It’s recommended that, at the very least, you take three lunch breaks a week away from your computer. Try also getting up every couple of hours for a drink, a quick stretch or walk around the block. And remember to plan regular holidays when you can unplug from work completely.
4. Speak up when your workload feels overwhelming.
Often employees don’t speak up about their workloads because of a fear they’ll lose their job or be seen to be underperforming. Nonetheless, communicating your challenges, even saying no on occasion to job requests can give you credibility according to productivity expert Julie Morgenstern.
The benefit of speaking to your boss or manager about this is that you can potentially glean another perspective as well as come up with some solutions on how to solve the problem. Are there competing priorities that can be moved down the list? Does the option exist to hire a freelancer to help with your workload in the short term? If you don’t ask, you’ll never know.
5. Set boundaries around your role.
In the workplace, there are times when we all need to pitch in and do things beyond our role to achieve a common goal. Still if you’re always performing tasks outside of your role, and what you’re good at, this can quickly lead to job dissatisfaction. Worse, it can lead to resentment and stress. This might serve as another opportunity to speak up and renegotiate the terms of your role expressing what is that you enjoy and thrive on.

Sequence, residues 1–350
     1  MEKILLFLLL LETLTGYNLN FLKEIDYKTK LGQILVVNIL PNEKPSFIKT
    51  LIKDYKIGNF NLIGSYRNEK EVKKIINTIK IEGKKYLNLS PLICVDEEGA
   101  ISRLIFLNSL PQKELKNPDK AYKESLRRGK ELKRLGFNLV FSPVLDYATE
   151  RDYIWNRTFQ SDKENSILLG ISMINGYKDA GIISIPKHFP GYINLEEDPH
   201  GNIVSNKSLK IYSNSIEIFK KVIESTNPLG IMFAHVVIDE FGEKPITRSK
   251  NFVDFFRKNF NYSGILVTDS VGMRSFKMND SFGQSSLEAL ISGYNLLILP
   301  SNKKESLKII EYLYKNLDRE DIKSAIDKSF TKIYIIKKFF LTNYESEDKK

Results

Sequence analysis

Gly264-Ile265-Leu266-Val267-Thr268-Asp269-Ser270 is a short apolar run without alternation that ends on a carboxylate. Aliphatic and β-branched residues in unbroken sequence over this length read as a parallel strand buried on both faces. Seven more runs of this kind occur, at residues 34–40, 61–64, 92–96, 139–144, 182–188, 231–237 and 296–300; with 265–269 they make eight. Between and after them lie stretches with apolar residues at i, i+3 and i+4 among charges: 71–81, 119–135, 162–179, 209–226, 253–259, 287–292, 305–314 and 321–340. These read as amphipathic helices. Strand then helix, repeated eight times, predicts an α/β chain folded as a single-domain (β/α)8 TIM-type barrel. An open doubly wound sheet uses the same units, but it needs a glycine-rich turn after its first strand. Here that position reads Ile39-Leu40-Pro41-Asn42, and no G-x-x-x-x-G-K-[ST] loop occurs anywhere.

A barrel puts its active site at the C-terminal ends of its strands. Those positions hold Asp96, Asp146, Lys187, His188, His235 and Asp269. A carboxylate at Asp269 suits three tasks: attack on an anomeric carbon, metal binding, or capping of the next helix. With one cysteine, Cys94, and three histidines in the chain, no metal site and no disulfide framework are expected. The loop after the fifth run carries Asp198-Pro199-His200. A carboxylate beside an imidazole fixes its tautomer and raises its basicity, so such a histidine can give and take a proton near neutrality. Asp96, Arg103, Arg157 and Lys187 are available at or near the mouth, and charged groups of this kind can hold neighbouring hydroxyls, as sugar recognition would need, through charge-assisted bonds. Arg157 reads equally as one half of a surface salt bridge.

6. Give yourself permission to enjoy work.
Most people who follow a creative path do it because they love it. Remind yourself that it’s okay to enjoy your work and it shouldn’t always feel like an uphill battle. Take some time out to reflect on what’s important to you. Does your current role still excite and fulfil you? Are your challenges the kind that can be solved in your current situation? Do you feel heard and appreciated in the workplace? If not, maybe it’s time for a change.